I am grateful for to Peter Lawler for his interesting comment on my post. I agree with much of it. My focus in The State of Our Liberty—an implicit response to the State of the Union– was on the effects our government is having on liberty, which I think are generally not happy. Lawler believes, and I do as well, that technological developments may nevertheless help foster liberty.
Indeed, I am even somewhat more optimistic than Lawler in this regard, because I do not believe technology poses as much risk to equality as he appears to think. As I have written on this blog, technological innovation helps equality in important respects, because innovations create a pool of cheap and free goods that everyone soon enjoys. Middle class people and the very rich have more equal lives today than did the middle class and very rich in previous times, because both spend an increasing amount of time on the internet and their experience there is not dissimilar. And innovations like smart phones go down the income scale much more rapidly than do previous innovations like refrigerators.
Moreover, the social media of today equips a much broader group of people to spend a large part of their lives writing and otherwise expressing themselves through blogs and even Facebook postings. As Clive Thompson has written in his excellent book, Smarter than You Think, the personal creativity enabled by social media dwarfs that of the letter writing of old. Thus, I do not agree that even a robotic future will relegate people to lives of passive entertainment, which appears to be the view Peter Lawler ascribes to Tyler Cowen. They will be able to follow their passions in ways that are inexpensive and largely free.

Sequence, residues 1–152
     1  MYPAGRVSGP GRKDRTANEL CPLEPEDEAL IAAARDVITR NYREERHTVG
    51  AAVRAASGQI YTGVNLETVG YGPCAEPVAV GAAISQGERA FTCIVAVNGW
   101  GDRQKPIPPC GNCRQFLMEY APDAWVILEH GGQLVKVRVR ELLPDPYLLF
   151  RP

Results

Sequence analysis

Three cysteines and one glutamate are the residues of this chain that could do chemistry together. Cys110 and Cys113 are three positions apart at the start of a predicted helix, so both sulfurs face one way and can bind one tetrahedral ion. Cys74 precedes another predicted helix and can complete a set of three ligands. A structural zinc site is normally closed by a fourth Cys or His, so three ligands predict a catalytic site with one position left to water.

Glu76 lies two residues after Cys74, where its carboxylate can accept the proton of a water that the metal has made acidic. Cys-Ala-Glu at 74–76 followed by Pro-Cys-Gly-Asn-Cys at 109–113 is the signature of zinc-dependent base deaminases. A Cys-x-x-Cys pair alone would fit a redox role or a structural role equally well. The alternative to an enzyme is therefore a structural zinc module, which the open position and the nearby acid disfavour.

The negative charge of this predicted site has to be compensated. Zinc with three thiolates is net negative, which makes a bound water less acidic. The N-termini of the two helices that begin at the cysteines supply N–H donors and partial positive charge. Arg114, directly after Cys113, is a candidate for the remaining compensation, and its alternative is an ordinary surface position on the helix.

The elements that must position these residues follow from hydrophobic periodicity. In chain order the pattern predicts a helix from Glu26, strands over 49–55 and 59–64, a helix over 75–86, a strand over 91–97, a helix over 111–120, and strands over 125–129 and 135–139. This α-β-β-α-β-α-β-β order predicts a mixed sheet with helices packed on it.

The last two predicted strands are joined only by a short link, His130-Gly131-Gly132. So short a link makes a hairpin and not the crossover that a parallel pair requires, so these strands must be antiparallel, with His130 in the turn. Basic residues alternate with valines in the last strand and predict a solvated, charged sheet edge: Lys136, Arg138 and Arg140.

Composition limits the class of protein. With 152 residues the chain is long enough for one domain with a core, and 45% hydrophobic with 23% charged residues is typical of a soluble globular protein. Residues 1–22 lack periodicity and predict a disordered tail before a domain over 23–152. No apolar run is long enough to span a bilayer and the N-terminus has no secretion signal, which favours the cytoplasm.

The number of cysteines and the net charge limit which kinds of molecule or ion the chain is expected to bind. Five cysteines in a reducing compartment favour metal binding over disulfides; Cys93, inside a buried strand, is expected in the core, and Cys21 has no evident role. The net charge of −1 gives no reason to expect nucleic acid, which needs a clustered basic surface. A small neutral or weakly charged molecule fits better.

A seemingly esoteric academic debate bursts forth in the Book Review of the Sunday New York Times that ought to turn us to the most significant political books of our times. The war between the West and East Coast Straussians, academics (and political players such as Bill Kristol) who have been influenced by the political philosopher Leo Strauss, involves no mere battle of the books but bears political consequences as well. His books and their interpretation and application are required reading for their wisdom about free and civilized societies. Strauss’s work encompasses grand themes of the West, including ancients and moderns, reason and revelation, natural right and history, and philosophy and poetry (in its root sense of creation). But in all this was saving the West Strauss’s intention? Was he instead a Machiavellian? A Nietzschean?[i]